Is it a good time to invest in solar stocks?
So far in the second quarter, solar shares have posted strong profits and could add points to year-end, ending a multi-year bear market. In response to tariffs, sector facilities have plummeted in the previous year, but panel expenses have also dropped, underpinning sales resurgence projections for the next decade. Other tailwinds for this struggling sector are also lining up, brightening the future.
Short interest has fallen significantly in recent months, suggesting that intelligent cash is moving ahead of the 2020 election, which can elect a leader who reverses the Trump administration’s fossil-friendly policies. Long-suffering solar shareholders can also thank the state of California for a nice portion of the group’s upside, with a law set to come into effect in 2020 requiring solar facilities in new home construction.
The Invesco Solar ETF (TAN) published an all-time high of $307.90 in May 2008, a few weeks after it became public, and entered a steep downward trend that reached an all-time low of $12.60 in November 2012. In the upper $40s, a bounce into 2014 stalled, resulting in a 2015 effort to break out that finished a double top inversion. At the end of 2016 and again in 2018, the subsequent downturn tested the previous low, turning higher into the second quarter of 2019.
At the 200-week exponential moving average (EMA) in March, the uptick achieved multi-year resistance and fitted that level this week, displaying uncommon power. Equally powerful resistance is now in play at the 2018 high above $27, with a breakout signaling a multi-year double-bottom inversion completion. This bullish action, in turn, should open the door to a powerful progress that could reach the top of the $40s in 2014.
Domestic industry giant First Solar, Inc. (FSLR) has been struggling for 12 years through festivities and famine, reaching an all-time high of $317 in 2008 and an all-time low of $11.43 just four years ago. In 2014, it bounced into the mid-$70s, setting up a level of opposition that is still in play as we move towards the new century. In 2019, Upside has for the first time since June 2018 brought the inventory back above the 200-day EMA, but it still trades more than 15 points under range resistance.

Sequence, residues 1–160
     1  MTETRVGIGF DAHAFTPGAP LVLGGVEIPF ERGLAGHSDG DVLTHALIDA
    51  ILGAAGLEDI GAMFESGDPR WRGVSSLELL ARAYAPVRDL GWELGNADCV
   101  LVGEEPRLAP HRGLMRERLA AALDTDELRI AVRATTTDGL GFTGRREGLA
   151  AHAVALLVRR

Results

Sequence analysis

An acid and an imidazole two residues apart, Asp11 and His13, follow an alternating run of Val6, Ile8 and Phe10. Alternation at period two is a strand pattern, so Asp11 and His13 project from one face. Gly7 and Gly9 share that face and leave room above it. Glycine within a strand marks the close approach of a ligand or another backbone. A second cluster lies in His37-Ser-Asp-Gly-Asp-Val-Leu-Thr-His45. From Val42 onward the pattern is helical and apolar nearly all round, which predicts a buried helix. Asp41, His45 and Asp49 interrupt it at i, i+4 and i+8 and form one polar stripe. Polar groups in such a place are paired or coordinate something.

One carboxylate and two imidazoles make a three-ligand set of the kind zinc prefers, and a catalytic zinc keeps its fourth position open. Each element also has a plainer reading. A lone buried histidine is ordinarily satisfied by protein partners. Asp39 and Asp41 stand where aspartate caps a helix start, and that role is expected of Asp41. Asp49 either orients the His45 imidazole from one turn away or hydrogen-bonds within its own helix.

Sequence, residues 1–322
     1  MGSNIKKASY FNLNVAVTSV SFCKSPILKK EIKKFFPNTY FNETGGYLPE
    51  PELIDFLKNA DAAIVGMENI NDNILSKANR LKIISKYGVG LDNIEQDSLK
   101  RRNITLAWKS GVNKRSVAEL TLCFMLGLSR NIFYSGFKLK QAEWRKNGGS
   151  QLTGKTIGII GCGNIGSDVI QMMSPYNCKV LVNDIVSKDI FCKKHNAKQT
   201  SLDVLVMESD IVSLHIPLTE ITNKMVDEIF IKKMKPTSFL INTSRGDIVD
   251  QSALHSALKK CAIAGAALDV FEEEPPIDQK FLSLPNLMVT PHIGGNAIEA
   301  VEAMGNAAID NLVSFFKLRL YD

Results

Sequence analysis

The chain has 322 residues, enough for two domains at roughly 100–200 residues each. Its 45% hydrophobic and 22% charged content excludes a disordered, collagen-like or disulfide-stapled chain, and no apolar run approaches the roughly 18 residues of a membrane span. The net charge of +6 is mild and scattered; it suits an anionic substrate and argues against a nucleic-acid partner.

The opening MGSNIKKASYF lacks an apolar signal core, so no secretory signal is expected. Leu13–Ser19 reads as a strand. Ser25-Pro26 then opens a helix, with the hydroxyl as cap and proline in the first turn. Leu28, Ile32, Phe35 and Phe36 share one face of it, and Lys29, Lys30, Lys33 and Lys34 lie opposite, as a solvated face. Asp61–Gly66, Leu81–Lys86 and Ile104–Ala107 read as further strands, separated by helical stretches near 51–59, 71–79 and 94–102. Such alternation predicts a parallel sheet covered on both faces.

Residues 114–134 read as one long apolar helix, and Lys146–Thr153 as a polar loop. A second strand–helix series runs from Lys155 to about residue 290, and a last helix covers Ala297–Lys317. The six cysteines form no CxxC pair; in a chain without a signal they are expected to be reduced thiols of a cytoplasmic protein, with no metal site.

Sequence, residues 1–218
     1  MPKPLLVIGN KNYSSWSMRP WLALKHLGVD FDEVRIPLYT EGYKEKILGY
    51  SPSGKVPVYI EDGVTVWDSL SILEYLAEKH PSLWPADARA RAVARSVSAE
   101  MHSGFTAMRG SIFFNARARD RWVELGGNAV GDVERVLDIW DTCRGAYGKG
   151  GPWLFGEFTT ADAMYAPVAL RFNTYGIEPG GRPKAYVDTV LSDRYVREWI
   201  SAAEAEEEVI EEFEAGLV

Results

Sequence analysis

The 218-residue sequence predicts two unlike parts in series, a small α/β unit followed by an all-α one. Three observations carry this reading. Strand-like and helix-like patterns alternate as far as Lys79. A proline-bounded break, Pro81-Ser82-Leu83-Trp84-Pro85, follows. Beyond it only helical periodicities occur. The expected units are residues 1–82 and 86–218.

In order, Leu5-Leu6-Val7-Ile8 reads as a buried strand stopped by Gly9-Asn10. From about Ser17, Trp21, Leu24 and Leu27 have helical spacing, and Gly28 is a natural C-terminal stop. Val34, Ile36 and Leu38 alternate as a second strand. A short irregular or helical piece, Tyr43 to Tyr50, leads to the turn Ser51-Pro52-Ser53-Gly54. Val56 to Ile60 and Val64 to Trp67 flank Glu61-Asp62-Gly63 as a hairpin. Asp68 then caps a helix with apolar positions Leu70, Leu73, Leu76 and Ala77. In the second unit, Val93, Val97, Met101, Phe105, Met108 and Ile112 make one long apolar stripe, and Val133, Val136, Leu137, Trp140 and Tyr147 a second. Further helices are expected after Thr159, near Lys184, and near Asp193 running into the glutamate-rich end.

Since 2014, price action has sculpted a possible pattern of reverse head and shoulders, with favourable odds that the 2019 uptick will eventually finish the correct shoulder and a long-term split. If so, in the $120s, the rally can achieve huge traction and head for a measured movement goal. Even so, in the mid-$70s, resistance will not give up without fighting, possibly delaying a breakout by 2020 or 2021.
Vivant Solar, Inc. (VSLR) based in Utah is expected to benefit significantly from the installation rule of California in the coming years. In the upper teens in 2014, the stock went to the public and fell to a trading range with assistance close to $7.50. It broke into a steep downtrend in February 2016 that posted an all-time low at $2.16 in May. A 2018 purchasing wave in November overturned at $7.44, resulting in a significant pullback testing long-term shareholders ‘ will.
The inventory rose within a few cents of the high 2018 in May and for the last month has consolidated close to that point. Meanwhile, the accumulation-distribution on-balance volume (OBV) indicator published an all-time high, suggesting good speculation about the effect of the law of California. This bullish action bodes well for a breakout that also mounts resistance during the breakdown in 2016, opening the door to double digits and a long-awaited return to mid-teens resistance in 2014.
In 2019, the Bottom Line Solar shares are gaining ground, shaking off headwinds on overseas panels from 2018 tariffs.